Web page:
When the Pirate Bay launched over a decade ago the entertainment industry was blown away by the pirates’ utter disrespect for copyright.
The site’s founders argued that people have the right to watch what they want whenever they please, and in a way this attitude acted as a catalyst for many of the legal services we have today.
Fast forward a few years and another industry is facing massive pushback from the Internet.
Growing tired with a constant stream of invasive and annoying ads on many websites, millions of people are now using ad-blockers to clean up their web-browsing experience.
This has led to frustration among publishers and advertising companies who somehow feel that they are entitled to dictate what people get to see. Some even go as far as equating it to “piracy,” as ad blockers take away ad-views and thus income for publishers and ad-vendors.
However, like the entertainment industry before them, advertisers and publishers can’t complain their way back to the pre-adblock era. They should interpret the rise of adblocking as an important signal and adapt their businesses accordingly.
And this is where a familiar name comes in.
Today, Pirate Bay co-founder Peter Sunde announces that his micropayment service Flattr is teaming up with Adblock Plus. Their new service, Flattr Plus, allows publishers to generate revenue directly from readers instead of forcing ads upon them.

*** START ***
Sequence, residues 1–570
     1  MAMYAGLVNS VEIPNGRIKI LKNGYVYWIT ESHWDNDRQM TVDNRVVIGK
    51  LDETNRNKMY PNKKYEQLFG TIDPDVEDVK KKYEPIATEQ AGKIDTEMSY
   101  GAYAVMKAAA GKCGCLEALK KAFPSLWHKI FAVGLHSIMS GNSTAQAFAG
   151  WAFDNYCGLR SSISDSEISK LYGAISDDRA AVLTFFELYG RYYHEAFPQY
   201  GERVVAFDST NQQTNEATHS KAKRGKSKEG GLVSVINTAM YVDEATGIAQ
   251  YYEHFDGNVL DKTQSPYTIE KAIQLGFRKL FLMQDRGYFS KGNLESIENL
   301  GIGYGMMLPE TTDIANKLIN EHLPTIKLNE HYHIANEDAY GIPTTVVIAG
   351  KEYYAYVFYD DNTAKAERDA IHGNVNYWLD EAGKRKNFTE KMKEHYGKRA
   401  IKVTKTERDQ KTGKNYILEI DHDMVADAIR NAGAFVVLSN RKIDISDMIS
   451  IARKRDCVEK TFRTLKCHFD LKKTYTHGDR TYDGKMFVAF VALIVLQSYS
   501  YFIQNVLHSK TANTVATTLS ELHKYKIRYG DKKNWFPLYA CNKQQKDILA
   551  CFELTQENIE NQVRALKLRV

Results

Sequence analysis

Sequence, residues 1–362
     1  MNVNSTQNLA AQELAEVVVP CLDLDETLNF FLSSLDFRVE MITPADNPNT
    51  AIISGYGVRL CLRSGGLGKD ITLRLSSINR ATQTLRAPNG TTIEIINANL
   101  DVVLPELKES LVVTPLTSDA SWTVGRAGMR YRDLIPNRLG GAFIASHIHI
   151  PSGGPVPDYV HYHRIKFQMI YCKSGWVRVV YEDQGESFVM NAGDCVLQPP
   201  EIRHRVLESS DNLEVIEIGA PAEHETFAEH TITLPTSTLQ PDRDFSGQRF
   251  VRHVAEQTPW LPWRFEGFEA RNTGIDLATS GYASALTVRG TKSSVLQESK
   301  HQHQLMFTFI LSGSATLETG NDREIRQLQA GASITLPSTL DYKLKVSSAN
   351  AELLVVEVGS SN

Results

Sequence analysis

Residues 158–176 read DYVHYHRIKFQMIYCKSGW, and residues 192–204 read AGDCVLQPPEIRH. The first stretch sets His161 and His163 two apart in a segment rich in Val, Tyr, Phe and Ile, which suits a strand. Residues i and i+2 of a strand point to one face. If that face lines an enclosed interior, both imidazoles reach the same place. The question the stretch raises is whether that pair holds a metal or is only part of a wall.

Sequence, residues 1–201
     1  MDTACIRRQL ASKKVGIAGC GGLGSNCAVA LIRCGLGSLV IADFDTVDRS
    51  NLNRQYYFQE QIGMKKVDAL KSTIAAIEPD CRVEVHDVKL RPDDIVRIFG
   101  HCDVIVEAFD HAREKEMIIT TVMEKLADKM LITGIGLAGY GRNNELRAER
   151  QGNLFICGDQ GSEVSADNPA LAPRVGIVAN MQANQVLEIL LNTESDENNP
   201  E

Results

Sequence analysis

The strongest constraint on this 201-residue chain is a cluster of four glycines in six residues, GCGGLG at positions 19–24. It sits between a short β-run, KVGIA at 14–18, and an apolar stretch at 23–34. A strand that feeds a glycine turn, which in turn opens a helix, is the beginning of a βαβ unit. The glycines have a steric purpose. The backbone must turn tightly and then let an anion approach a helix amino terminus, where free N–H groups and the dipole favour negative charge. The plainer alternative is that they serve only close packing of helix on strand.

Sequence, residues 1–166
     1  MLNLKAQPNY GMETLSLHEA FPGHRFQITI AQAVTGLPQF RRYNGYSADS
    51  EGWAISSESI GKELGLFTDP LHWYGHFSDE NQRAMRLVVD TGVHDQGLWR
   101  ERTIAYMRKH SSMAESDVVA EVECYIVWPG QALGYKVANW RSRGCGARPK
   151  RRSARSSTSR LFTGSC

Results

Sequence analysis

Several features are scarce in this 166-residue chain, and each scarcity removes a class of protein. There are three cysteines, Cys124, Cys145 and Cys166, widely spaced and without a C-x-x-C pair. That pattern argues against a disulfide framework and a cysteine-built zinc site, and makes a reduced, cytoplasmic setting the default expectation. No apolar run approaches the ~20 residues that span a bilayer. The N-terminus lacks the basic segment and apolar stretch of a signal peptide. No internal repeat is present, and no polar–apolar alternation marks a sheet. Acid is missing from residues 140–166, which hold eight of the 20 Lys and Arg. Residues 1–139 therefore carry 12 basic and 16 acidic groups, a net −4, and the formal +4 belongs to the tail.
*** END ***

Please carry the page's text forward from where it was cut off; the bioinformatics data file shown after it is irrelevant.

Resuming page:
Flattr Plus is built on the existing micropayment platform that was launched in 2010. Through a new browser add-on it allows users to automatically share money with website owners when an ad is blocked.
“For us it’s super important to show that we’re not generation free, but generation sustainability. I think Flattr has been that way all the time and it’s obvious that Adblock Plus has kind of also been thinking about a good open web,” Sunde informs TorrentFreak.
Those who equate ad blocking to piracy should move on, and try to come up with better monetization models themselves. Advertising on the Internet is not sustainable in its current form, at least not for everyone.
“I think it’s funny how people compare that to piracy – especially since I have been part of that discussion for forever,” Sunde says.
“The media industry seems to think everything is piracy. Then again, it’s hard for them to complain about Flattr Plus, because it contains a solution for exactly the thing they’re complaining about and haven’t fixed themselves,” he adds.
That said, Sunde sees some parallels between Flattr Plus and The Pirate Bay. Both are about sharing information, but this time the creators are compensated.
“Flattr is for me just an extension to the same thinking that I’ve had with The Pirate Bay – information needs to be spread, we need to share information but we also need to fix that missing link of supporting people. And now, finally, we’ll have the user base size to fix that!”
Whether the partnership between Flattr and Adblock Plus will be as disruptive as The Pirate Bay has yet to be seen, but it will certainly cause some waves.
Announcing Flattr Plus